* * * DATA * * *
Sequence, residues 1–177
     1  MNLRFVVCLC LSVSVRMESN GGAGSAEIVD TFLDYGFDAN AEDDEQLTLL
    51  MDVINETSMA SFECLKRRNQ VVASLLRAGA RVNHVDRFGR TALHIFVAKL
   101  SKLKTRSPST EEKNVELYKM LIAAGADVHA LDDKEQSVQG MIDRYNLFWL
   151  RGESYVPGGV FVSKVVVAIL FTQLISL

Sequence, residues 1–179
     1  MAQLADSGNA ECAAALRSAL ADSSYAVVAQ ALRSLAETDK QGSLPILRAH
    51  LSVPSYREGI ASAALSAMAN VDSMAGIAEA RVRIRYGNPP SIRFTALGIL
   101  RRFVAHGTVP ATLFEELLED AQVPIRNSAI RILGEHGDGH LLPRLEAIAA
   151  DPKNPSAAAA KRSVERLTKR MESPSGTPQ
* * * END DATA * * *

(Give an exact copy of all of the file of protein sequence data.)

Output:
Sequence, residues 1–177
     1  MNLRFVVCLC LSVSVRMESN GGAGSAEIVD TFLDYGFDAN AEDDEQLTLL
    51  MDVINETSMA SFECLKRRNQ VVASLLRAGA RVNHVDRFGR TALHIFVAKL
   101  SKLKTRSPST EEKNVELYKM LIAAGADVHA LDDKEQSVQG MIDRYNLFWL
   151  RGESYVPGGV FVSKVVVAIL FTQLISL

Sequence, residues 1–179
     1  MAQLADSGNA ECAAALRSAL ADSSYAVVAQ ALRSLAETDK QGSLPILRAH
    51  LSVPSYREGI ASAALSAMAN VDSMAGIAEA RVRIRYGNPP SIRFTALGIL
   101  RRFVAHGTVP ATLFEELLED AQVPIRNSAI RILGEHGDGH LLPRLEAIAA
   151  DPKNPSAAAA KRSVERLTKR MESPSGTPQ